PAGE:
This piece was posted by Hilde Faugli, Communications Intern at Find Your Feet.While most talk about Africa these days centers on the World Cup in South Africa, sobering facts about the continent’s food situation have been presented in an International Food Policy Institute (IFPRI) paper entitled Public Spending for Agriculture in Africa: Trends and Composition. According to the paper insufficient spending on agriculture Africa means that the continent is “now facing the same type of long-term food deficit problem that India faced in the early 1960s.
70 percent of people in Africa live in rural areas and depend on agriculture for food and income. Spending money on food production is therefore critical. Regrettably, only eight African countries have reached the target adopted by the Comprehensive Africa Agriculture Development Programme (CAADP) in 2003. Back then, the continent committed to allocating 10 percent of their budgets to agriculture. The countries to reach the 10 percent target are Niger, Ethiopia, Burkina Faso, Mali, Ghana, Senegal, Zimbabwe and Malawi.
Meanwhile, donor funding for agriculture in Africa has dropped dramatically – from 15 percent in the 1980s to 4 percent in 2006- but the amount countries allocate from aid to food production also varies quite considerably. In 2007 Botswana and Nigeria spent less than 1 percent of all aid received on agriculture while Burkina Faso in 2006 spent 8 percent of its total aid on agriculture.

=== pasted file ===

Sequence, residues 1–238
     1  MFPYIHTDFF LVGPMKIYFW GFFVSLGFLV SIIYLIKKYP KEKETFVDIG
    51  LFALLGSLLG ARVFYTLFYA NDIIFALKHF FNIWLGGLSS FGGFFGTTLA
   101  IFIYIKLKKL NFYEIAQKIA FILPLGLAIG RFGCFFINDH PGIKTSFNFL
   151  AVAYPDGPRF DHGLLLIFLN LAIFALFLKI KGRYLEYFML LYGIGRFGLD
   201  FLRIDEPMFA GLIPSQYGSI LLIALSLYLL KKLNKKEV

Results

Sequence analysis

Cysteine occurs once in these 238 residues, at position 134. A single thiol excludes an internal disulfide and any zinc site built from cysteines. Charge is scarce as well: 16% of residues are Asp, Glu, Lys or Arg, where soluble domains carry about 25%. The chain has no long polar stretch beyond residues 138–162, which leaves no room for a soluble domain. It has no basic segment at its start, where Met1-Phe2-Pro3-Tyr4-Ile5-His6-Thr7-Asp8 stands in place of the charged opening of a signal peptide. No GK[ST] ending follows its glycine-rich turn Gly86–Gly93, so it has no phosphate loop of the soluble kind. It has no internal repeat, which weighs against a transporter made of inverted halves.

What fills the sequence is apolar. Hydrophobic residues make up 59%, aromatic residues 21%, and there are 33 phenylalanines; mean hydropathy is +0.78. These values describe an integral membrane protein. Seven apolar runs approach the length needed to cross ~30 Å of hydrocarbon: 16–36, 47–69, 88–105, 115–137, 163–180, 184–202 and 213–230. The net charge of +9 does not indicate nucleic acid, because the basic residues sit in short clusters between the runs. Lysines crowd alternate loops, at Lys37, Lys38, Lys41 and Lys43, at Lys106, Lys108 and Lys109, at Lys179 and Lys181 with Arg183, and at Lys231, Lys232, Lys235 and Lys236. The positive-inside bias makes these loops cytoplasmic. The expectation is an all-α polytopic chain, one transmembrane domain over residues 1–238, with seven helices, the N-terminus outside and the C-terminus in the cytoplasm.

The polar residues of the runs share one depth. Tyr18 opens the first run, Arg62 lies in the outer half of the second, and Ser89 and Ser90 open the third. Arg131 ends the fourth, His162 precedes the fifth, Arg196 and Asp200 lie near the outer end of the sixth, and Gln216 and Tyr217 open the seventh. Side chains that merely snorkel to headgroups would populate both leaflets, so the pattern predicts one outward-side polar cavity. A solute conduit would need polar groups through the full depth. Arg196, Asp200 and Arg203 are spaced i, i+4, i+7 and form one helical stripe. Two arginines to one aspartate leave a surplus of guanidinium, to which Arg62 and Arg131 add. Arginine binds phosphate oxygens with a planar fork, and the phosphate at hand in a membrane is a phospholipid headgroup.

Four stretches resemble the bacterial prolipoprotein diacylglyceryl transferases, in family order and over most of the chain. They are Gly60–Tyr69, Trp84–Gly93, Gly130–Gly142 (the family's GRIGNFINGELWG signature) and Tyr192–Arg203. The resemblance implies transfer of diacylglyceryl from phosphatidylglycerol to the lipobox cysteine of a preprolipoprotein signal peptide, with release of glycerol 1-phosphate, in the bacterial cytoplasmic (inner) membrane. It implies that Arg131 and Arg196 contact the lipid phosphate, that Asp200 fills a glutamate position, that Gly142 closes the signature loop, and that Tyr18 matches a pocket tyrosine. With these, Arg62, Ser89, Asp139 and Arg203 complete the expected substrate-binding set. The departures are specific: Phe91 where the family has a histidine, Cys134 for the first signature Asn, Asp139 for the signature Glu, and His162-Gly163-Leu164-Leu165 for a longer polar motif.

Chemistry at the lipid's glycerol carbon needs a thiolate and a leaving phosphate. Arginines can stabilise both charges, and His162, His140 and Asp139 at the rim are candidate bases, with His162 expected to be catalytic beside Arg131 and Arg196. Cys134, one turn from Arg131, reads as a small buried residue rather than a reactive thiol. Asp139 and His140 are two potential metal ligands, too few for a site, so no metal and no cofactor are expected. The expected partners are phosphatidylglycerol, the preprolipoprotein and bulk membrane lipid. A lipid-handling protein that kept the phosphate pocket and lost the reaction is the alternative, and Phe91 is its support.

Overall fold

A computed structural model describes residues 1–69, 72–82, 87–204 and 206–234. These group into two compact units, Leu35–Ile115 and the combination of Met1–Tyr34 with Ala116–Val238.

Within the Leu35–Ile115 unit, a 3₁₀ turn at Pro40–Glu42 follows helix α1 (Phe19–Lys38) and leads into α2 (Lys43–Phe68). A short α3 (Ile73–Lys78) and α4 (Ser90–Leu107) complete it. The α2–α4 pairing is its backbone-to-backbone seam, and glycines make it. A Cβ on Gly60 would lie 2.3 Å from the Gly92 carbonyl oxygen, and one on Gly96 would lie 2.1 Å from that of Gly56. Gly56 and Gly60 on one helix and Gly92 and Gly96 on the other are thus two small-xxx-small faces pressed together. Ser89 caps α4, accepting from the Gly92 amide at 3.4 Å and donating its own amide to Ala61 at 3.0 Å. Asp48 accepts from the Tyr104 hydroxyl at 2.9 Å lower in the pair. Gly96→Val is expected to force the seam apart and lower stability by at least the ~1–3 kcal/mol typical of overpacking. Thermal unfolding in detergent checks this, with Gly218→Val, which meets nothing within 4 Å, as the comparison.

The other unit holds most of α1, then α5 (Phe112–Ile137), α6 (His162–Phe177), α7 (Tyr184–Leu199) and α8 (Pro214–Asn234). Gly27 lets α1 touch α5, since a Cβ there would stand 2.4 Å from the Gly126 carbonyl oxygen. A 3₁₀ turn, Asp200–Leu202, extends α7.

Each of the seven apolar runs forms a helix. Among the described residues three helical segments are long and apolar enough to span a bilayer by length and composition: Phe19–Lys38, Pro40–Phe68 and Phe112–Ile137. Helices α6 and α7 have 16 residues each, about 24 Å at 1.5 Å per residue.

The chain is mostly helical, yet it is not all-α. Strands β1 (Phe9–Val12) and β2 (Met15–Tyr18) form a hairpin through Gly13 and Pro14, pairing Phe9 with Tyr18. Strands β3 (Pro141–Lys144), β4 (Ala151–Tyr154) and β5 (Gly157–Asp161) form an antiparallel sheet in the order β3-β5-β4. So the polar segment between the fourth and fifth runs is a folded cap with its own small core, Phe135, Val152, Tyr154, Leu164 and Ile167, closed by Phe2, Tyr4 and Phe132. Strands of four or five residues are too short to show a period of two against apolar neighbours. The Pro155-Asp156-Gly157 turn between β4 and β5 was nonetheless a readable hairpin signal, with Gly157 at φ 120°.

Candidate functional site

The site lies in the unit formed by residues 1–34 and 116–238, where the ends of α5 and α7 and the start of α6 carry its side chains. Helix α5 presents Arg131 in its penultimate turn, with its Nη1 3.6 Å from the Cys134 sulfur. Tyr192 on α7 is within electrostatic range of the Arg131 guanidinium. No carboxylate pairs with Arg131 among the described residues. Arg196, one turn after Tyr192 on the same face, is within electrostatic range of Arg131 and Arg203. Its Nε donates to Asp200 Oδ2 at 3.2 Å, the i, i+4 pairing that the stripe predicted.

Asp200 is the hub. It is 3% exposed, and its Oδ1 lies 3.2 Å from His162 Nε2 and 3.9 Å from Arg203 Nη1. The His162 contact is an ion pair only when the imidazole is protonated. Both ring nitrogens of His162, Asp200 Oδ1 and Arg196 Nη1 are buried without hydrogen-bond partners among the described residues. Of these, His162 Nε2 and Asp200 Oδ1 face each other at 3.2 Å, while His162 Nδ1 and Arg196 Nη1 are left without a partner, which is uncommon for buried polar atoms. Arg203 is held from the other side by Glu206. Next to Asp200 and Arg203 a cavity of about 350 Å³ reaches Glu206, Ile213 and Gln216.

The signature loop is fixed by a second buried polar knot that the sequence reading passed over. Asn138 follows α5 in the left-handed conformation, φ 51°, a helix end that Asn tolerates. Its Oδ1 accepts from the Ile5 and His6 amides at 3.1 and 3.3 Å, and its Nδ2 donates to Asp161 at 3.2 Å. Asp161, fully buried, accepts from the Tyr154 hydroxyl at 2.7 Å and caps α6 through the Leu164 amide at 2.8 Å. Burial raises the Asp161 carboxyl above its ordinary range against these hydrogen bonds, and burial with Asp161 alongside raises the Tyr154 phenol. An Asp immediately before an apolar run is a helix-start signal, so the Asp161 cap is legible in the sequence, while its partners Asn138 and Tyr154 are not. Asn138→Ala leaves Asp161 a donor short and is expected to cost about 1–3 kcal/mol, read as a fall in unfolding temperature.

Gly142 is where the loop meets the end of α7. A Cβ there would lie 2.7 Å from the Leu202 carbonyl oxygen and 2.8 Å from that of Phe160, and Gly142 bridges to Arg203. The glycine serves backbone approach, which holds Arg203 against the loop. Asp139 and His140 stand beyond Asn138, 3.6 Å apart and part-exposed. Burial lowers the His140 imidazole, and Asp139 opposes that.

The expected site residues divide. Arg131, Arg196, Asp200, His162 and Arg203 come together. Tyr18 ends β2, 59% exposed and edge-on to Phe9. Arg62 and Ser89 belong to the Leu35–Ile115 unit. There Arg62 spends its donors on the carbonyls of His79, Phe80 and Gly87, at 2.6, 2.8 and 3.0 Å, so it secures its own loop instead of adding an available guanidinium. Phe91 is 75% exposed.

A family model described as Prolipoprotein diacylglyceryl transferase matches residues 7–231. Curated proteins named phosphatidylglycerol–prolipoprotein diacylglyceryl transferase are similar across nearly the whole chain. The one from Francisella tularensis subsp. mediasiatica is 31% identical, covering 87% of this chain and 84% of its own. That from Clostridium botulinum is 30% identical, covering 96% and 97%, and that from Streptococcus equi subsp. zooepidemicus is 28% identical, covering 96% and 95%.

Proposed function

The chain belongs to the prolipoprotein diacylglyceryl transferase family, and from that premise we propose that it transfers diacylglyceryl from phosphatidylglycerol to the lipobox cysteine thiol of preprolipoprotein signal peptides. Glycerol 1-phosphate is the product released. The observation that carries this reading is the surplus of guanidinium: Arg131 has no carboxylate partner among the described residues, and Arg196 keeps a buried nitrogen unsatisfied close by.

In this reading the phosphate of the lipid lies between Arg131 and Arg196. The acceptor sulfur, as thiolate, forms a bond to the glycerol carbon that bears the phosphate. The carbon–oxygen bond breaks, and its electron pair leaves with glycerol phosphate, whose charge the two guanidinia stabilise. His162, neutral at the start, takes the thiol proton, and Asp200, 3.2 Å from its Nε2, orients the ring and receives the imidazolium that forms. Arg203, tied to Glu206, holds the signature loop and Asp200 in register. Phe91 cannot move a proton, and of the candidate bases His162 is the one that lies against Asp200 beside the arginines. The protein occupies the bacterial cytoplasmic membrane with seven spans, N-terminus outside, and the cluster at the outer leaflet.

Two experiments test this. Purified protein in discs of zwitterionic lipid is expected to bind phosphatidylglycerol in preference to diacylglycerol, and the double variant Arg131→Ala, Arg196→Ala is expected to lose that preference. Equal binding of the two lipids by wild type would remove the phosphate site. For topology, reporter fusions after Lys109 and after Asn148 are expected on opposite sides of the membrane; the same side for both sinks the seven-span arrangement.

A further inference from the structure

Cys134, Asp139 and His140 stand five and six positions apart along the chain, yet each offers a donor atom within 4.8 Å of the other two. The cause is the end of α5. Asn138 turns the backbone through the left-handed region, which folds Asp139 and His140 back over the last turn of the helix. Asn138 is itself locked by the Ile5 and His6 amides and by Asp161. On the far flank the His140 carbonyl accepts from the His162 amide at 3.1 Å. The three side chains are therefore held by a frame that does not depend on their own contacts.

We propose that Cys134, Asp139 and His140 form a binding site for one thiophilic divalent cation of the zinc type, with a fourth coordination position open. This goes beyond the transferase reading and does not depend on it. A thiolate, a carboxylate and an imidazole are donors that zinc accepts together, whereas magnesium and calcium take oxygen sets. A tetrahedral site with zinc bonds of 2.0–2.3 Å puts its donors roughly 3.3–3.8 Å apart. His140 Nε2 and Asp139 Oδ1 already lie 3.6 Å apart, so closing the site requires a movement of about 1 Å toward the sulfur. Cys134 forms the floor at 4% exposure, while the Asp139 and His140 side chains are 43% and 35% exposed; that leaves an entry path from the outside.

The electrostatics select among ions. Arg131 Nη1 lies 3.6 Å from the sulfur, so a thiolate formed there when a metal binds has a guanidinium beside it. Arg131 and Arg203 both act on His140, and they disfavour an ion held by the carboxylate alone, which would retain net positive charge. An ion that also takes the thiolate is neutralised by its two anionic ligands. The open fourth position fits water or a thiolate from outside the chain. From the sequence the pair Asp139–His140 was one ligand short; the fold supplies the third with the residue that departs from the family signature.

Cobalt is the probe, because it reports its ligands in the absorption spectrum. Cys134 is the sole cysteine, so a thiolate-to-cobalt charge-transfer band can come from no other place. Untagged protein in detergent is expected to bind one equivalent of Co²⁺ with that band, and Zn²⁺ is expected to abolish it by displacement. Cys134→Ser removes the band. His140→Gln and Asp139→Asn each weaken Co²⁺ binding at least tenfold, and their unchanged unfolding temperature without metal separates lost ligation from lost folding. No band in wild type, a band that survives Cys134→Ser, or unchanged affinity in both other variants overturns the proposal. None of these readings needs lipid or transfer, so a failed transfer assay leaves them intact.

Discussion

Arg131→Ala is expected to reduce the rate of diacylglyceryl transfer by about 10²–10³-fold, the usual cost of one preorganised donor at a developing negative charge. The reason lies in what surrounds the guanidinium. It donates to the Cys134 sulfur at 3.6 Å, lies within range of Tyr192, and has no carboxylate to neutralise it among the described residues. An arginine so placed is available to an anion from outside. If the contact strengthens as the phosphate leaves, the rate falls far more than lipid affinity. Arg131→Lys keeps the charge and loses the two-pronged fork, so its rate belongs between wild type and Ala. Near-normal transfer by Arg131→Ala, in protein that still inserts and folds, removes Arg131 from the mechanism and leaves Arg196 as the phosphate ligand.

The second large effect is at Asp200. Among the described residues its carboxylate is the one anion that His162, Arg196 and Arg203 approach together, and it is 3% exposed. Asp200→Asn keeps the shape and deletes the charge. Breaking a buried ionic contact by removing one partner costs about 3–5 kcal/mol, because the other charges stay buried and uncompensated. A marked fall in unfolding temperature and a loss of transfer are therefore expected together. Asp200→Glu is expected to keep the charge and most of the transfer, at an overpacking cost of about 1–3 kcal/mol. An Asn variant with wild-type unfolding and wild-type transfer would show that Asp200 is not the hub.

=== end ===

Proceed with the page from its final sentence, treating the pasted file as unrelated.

To be able to improve their food deficit, and stand strong against climate change, African countries will need to spend more of their budgets on developing their agricultural sector. However, just as important is that the agriculture is developed in a sustainable manner. Genetically modified organisms (GMOs), increasing use of chemical fertilizers and intense industrialized agriculture are, by some actors, seen as the solution to the food crisis. This approach to agriculture brings with it not only possible health risks, it is also likely to lead to a loss of biological biodiversity.
It is important to remember that this type of agriculture is not the only way to go. In Malawi, a return to age-old, chemical-free farming techniques is improving crop harvests for many poor farmers. Agriculture is the life blood of many small communities, and should be supported accordingly. The conservation of biological diversity that sustains agriculture is essential, and should be put at the heart of any national or local strategies to improve food security. Read more about Find Your Feet’s approach to agriculture.
Download the paper Public Spending for Agriculture in Africa: Trends and Composition.
And if you’d like to read about a global campaign to promote More and Better aid to agriculture, click here.